Innovative design meets the challenge of urbanism on what once was a vacant, L-shaped lot between a quaint 1910 farmhouse and a grand 1918 brick 2½ story. The house, long and narrow, 132 feet from the front porch to the two-car attached garage in the back yet only 28 feet at its widest point, fits on the oddly-shaped lot in a deliberate move to use the surrounding environment instead of shaping the land to suit to the design. Incorporating architectural features of the two adjacent homes, square windows and large porch overhang of the brick home are on the south side, while smaller windows from the farmhouse that once served as the land's homestead are featured on the north. An exterior viewing deck on the northwest part of the home offers a panoramic view of the large backyard, the widest part of the lot's L-shape. The size and placement of windows maximize daylight and minimize energy use; further investment in sustainable technology includes extra insulation and radiant heating for this closed-envelope construction. Fiber cement siding and concrete block exterior walls with corrugated metal accents combine with a roof of rubber membrane and metal for a unique exterior look. Inside, family and guests walk on polished concrete on the first floor and hardwood on the second. A gallery extending the length of house on the north guides the eye to the back of the house to the focal point: a spiral staircase. An interior catwalk connects upstairs bedrooms to the staircase, with an open view of the kitchen and dining area below, and a 10'x6' treehouse room is accessible by ladder above the children's bedrooms.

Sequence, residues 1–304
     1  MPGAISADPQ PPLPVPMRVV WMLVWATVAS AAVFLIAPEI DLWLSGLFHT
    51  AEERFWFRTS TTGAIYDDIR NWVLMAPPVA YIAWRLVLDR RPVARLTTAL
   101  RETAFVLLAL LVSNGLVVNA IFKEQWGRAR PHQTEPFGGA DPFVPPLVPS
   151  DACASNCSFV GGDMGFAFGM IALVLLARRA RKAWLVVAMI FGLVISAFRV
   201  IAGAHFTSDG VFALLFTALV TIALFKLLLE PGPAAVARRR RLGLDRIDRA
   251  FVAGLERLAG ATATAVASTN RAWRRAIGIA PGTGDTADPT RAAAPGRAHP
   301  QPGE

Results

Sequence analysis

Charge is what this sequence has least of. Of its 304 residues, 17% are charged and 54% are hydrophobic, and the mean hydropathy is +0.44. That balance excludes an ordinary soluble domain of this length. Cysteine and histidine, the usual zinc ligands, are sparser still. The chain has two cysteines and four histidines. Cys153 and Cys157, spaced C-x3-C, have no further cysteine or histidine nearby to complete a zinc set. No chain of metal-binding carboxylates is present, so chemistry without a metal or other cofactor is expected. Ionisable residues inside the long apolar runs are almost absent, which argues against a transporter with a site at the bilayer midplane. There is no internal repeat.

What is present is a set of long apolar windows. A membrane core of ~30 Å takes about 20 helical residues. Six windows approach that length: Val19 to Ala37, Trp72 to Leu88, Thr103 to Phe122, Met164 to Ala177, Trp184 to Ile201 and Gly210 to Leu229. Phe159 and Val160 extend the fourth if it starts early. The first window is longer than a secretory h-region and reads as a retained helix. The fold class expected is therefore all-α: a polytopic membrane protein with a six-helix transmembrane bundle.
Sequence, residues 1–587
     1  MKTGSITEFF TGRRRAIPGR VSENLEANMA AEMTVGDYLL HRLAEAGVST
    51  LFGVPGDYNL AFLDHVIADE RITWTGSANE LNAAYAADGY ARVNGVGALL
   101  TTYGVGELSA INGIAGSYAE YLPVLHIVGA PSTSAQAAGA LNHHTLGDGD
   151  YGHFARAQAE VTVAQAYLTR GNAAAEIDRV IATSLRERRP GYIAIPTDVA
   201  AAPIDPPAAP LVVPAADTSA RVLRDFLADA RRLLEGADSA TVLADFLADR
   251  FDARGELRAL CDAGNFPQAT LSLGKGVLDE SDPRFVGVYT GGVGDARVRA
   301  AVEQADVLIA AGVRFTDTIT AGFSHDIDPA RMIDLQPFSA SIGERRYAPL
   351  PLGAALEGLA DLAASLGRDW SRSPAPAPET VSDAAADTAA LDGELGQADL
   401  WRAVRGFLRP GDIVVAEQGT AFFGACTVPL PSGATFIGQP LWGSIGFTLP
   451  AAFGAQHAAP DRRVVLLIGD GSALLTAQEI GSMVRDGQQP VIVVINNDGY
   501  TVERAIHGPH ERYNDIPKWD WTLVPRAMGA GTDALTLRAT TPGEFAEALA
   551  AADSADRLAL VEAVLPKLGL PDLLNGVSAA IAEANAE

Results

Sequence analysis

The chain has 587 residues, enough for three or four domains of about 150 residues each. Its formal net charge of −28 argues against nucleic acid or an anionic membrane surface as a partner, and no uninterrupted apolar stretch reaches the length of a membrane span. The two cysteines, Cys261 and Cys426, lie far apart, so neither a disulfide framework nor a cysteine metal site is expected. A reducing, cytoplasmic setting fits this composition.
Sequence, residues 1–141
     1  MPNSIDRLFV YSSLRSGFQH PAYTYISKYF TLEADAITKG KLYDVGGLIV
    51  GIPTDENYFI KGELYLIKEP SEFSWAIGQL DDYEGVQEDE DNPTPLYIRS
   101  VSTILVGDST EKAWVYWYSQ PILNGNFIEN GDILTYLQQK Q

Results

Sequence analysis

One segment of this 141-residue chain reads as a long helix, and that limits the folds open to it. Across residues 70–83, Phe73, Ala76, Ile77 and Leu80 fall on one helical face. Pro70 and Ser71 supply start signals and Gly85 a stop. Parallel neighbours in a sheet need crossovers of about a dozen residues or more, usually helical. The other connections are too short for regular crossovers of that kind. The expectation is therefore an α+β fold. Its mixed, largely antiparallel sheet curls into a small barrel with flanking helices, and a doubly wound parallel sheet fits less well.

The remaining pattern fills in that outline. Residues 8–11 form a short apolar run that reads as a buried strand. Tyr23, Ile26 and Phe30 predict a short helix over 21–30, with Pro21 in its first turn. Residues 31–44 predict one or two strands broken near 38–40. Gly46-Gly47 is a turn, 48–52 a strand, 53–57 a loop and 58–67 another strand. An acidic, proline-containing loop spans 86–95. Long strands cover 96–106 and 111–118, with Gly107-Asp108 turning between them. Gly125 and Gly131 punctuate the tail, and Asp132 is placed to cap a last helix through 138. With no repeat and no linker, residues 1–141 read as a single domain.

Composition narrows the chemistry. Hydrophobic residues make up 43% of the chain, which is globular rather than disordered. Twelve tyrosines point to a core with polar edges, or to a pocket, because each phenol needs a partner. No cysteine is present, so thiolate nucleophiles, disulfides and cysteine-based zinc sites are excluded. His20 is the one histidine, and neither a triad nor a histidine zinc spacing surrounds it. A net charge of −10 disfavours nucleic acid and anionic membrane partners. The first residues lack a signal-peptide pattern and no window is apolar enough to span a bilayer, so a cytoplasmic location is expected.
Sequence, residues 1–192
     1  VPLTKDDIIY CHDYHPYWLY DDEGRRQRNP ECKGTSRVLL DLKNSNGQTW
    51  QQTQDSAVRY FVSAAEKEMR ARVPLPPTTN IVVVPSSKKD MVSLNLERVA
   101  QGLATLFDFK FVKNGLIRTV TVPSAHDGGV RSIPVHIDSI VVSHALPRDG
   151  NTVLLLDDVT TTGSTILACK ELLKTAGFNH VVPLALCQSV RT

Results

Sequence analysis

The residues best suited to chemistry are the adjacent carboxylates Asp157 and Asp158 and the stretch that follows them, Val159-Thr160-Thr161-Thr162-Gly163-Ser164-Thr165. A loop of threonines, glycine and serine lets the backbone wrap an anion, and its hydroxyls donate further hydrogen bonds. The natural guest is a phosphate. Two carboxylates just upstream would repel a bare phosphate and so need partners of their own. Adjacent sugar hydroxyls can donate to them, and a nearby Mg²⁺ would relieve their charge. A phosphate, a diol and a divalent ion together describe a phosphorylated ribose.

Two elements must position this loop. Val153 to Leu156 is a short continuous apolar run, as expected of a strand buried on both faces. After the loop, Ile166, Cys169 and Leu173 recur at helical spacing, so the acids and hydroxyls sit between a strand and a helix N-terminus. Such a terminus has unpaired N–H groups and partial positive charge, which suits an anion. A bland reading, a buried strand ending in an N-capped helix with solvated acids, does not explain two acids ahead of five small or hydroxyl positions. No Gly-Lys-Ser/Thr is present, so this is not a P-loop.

Image Credit: © Bill Sitzmann, © Contrivium Design + Urbanism